Puig, 25, has had a tumultuous season with the Dodgers. He’s hit a meager .260/.320/.386 with seven home runs and 34 RBI over 303 plate appearances and has spent most of the month with Triple-A Oklahoma City. Shortly after being sent to the minors, Puig celebrated a victory with his teammates which included some lascivious language, and Puig broadcast it on Snapchat, which the Dodgers did not particularly enjoy. Since then, the club has been “trying to give away Puig.”

Puig is under contract through 2018. After earning the remainder of his $5.5 million salary this season, he’ll earn $6.5 million in ’17 and $7.5 million in ’18.

Sanchez hits another home run, Yankees rout Orioles 13-5

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NEW YORK (AP) Rookie Gary Sanchez kept up a most remarkable run, homering for the third straight game as the New York Yankees routed the Baltimore Orioles 13-5 Saturday.

Sanchez hit a drive that bounced off the top of the right-center field wall and over in the fourth inning. He reached 11 career home runs faster than anyone in major league history – 23 games, including two hitless games last year.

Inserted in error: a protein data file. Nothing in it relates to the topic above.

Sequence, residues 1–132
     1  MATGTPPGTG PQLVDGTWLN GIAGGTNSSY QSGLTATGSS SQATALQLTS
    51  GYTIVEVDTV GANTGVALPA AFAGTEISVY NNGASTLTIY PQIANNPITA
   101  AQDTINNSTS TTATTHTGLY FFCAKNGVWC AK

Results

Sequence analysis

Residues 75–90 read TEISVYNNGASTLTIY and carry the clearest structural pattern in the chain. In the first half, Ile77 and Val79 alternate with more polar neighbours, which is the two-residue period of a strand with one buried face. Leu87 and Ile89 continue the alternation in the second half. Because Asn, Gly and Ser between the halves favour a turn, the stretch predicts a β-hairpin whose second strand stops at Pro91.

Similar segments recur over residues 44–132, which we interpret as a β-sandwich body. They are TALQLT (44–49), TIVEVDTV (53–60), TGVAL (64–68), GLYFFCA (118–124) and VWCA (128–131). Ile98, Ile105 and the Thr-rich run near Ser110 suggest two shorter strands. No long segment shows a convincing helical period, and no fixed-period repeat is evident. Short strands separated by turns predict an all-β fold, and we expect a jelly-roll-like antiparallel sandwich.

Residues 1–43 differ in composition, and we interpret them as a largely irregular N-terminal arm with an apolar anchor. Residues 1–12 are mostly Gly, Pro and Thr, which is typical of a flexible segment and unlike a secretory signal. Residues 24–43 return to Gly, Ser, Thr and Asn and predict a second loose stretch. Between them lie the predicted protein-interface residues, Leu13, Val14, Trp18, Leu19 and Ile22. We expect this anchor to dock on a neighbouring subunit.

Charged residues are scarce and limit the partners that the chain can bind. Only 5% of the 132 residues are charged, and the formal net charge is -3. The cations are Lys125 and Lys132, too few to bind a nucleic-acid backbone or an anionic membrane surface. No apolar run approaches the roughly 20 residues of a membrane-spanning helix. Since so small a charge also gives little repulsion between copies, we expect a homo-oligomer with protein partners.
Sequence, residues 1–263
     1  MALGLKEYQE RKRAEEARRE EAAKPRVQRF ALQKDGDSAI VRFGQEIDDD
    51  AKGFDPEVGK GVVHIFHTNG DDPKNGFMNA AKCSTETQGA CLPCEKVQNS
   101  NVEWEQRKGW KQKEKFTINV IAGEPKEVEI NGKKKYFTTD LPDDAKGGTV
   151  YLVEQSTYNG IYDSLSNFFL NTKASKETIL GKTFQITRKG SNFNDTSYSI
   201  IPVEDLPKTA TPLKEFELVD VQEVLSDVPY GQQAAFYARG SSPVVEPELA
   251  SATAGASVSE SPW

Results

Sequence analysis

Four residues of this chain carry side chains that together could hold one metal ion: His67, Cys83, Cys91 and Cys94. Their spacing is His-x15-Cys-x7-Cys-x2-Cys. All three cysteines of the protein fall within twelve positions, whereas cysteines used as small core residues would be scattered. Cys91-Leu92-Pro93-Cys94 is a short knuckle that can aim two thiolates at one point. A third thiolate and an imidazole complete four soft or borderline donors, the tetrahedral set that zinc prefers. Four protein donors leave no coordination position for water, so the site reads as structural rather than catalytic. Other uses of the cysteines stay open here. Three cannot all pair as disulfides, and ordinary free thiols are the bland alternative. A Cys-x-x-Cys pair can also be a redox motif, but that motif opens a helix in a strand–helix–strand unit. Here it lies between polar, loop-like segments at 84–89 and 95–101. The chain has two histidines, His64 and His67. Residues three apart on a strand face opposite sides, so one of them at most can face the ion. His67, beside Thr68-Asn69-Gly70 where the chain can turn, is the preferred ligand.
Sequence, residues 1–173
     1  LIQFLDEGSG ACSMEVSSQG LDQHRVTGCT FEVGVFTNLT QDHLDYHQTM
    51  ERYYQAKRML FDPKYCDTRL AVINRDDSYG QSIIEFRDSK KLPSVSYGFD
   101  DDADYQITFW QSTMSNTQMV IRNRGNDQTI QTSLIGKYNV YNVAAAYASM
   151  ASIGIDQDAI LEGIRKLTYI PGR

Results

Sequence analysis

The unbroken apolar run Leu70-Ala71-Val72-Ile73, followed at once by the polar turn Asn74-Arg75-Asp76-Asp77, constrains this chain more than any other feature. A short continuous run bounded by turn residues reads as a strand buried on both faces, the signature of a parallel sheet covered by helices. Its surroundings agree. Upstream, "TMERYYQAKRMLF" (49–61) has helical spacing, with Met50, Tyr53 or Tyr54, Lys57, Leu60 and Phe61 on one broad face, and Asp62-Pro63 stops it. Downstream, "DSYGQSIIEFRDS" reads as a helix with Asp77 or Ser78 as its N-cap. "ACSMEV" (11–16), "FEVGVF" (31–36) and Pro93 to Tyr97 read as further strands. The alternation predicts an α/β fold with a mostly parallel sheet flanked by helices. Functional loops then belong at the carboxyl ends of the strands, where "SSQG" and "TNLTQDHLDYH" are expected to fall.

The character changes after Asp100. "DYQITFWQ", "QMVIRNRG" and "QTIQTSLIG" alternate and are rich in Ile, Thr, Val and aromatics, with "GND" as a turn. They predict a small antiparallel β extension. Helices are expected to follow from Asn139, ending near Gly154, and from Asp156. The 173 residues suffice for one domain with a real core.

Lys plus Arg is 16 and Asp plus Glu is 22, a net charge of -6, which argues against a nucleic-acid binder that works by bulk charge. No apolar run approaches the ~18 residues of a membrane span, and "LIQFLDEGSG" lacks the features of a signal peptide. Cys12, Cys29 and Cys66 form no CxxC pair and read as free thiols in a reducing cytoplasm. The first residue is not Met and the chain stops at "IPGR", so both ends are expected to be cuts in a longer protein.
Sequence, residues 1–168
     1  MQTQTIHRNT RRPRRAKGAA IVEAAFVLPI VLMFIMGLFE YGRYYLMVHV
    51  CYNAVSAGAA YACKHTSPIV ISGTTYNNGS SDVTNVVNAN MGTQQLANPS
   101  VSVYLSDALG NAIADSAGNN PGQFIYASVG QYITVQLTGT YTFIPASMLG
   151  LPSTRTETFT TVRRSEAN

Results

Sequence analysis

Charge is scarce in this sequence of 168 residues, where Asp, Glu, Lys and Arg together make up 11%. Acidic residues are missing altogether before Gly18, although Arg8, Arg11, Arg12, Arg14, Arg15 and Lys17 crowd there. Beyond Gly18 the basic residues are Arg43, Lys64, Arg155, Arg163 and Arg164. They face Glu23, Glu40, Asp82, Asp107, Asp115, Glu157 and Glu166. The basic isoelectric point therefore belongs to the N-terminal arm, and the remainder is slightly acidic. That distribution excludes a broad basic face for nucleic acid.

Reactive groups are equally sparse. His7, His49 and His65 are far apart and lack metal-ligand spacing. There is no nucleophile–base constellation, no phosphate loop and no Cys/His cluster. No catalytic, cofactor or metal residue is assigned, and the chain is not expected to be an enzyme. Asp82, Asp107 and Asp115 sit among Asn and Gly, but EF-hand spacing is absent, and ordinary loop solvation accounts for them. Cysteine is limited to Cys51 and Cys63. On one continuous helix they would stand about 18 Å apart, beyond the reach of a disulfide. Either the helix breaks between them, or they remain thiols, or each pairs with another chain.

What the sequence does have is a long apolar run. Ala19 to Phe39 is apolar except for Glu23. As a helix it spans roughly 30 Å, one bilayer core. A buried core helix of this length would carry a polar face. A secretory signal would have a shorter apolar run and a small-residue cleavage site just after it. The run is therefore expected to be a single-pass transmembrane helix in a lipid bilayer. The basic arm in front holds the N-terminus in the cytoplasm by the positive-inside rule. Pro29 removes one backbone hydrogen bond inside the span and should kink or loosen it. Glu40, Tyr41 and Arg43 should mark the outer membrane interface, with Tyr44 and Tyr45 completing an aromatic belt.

After the switch-hitting catcher connected, the crowd of 38,843 emphatically chanted his name. Mark Teixeira stepped out of the batter’s box, pausing the game and allowing the 23-year-old to tip his batting helmet to the fans from the top of the dugout steps.

Starlin Castro and Aaron Hicks also homered as the Yankees won their fourth in a row. A day after trouncing the Orioles 14-4, New York moved within 2 1/2 games of them for the second AL wild-card spot.

Chris Davis homered twice and Mark Trumbo hit his big league-leading 39th home run for Baltimore, which has dropped three straight.

Sanchez is now hitting .400 with 21 RBIs in 21 games this year.